Heads-up: RFC 8212 on default EBGP route handling behavior
job at ntt.net
Thu Jul 6 12:34:45 CST 2017
After a bit of tug-of-war common sense prevailed and RFC 8212
"External BGP (EBGP) Route Propagation Behavior without Policies"
was published: https://tools.ietf.org/html/rfc8212
This industry has a long history of improving default behavior: DEC MOP
is no longer enabled by default, telnet was swapped out in favor of SSH,
and SHA-1 is now deprecated, so I'm confident we can manage this one
TL;DR This mail offers advice on test scenarios to add to your
evaluation checklist and a call to action to ask your vendor to
implement RFC 8212. Please share this message with other communities.
Prior to RFC 8212, the default behavior of BGP implementations (when no
policy is configured on an EBGP session) was undefined, this resulted in
a myriad of vendor defaults: some implementations not accepting routes
and not advertising anything; some would accept anything, but announce
nothing; some would announce only internal routes and accept anything;
and some would indiscriminately accept everything and announce everything.
The latter mode of operation is of course the most harmful one.
An example minimal configuration:
router bgp 15562
neighbor 192.0.2.1 remote-as 174
neighbor 192.0.2.5 remote-as 2914
Most of us have learned (the hard way) that on many platforms the above
configuration will not only bring up two BGP sessions, but also
immediately result in a "Lateral ISP-ISP-ISP Leak" , simply because
no routing policy was associated with these EBGP sessions and an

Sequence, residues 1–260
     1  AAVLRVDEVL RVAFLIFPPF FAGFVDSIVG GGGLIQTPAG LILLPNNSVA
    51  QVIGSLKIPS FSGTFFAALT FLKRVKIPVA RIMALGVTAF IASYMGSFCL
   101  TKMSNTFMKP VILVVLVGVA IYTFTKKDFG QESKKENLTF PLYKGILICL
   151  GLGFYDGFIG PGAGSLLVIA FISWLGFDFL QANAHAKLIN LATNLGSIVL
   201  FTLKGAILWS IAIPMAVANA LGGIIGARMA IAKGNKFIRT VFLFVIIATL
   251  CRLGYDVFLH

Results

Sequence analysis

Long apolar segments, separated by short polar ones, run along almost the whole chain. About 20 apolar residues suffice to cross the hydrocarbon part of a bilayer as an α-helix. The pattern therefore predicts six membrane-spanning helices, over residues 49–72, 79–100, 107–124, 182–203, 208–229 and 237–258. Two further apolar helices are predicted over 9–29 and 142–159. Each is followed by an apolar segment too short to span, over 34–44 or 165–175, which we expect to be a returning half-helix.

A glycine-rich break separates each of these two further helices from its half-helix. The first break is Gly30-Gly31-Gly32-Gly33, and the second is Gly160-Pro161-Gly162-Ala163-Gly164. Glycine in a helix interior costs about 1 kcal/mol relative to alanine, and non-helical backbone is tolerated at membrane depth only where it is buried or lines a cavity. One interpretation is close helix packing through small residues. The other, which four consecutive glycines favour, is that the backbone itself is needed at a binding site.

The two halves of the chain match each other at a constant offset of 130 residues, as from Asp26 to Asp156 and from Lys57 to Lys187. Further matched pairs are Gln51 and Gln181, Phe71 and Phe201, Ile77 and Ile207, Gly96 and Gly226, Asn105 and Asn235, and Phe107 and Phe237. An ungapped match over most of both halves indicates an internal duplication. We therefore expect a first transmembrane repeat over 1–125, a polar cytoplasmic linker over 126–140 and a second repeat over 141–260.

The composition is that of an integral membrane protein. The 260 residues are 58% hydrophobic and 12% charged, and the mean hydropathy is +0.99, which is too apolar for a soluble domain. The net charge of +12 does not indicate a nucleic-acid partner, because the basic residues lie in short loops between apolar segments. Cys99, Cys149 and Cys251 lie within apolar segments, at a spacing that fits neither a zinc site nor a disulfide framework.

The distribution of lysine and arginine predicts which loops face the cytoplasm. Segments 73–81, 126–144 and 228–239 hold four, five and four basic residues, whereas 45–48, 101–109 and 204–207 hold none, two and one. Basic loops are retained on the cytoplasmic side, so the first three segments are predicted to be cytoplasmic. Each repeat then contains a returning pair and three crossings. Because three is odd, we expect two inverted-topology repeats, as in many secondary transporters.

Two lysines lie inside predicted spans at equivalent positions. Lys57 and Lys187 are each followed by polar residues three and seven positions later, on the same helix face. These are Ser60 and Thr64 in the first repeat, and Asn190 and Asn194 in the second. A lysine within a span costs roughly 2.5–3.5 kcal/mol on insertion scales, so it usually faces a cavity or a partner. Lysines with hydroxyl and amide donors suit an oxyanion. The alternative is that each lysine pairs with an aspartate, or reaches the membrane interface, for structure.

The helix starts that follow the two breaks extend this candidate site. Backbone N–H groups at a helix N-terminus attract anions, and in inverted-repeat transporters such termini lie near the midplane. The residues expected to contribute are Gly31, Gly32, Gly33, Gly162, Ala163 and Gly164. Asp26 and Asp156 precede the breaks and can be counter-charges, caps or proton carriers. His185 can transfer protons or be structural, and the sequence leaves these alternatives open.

implicit 'permit-any' is assumed. The above configuration is of course
an oversimplification of what happens in real life: operators may
attempt to change a BGP peer to a peer-group which has missing
configuration, or a copy+paste of a snippet of configuration only
partially succeeds, or in an attempt to debug a BGP session some
configuration is removed without realizing the full ramifications of
doing so (until you see smoke coming off the circuit ;-).
RFC 8212 updates the core BGP specification (RFC 4271) to specify that
the above behavior is _incorrect_, and an implicit deny-all must be
associated with the EBGP session. In other words: "fail closed" rather
then "fail open and oops you tripped max-prefix all over the place (or
The document purposefully does not cover IBGP, nor does it proscribe
what the contents of configured policy on EBGP sessions should be. If an
operator explicitly configures a 'permit-any' style policy, that is
perfectly fine, it was a conscious choice to do so.
Going forward when you evaluate a BGP implementation or a new software
release, it is advisable to take note of the default behavior of that
specific release. As vendors come into compliance with RFC 8212 it may
be beneficial to track this. I also strongly recommend to audit your
network configurations for instances which depend on implicit 'permit-any'
behavior and reconfigure those instances to be an explicit 'permit-any'.
This way software upgrades are less likely to cause surprises, and as a
bonus the readability of the device's configuration is improved!
Call to action
Some vendors will need encouragement to take their implementation from
EBGP "fail open" to "fail closed", we are keeping track of the
industry's current state of affairs here: https://github.com/bgp/RFC8212
Please contact your account management team and express your interest in
them supporting RFC 8212. Also, make sure to include RFC 8212 in your
next round of "Request for Proposals" (RFPs) as a 'must have'.
Purchasing usually is an excellent opportunity to have meaningful
dialogue with the vendor.
Some vendors may argue "but our customers depend on our unsafe
behavior!", but this only holds true if we don't speak up collectively
and show them otherwise. EBGP is an internet-wide shared resource, we
all benefit from sane defaults.
Hat tip to Jared Mauch for initiating this project and to Greg Hankins
for demonstrating change is possible .
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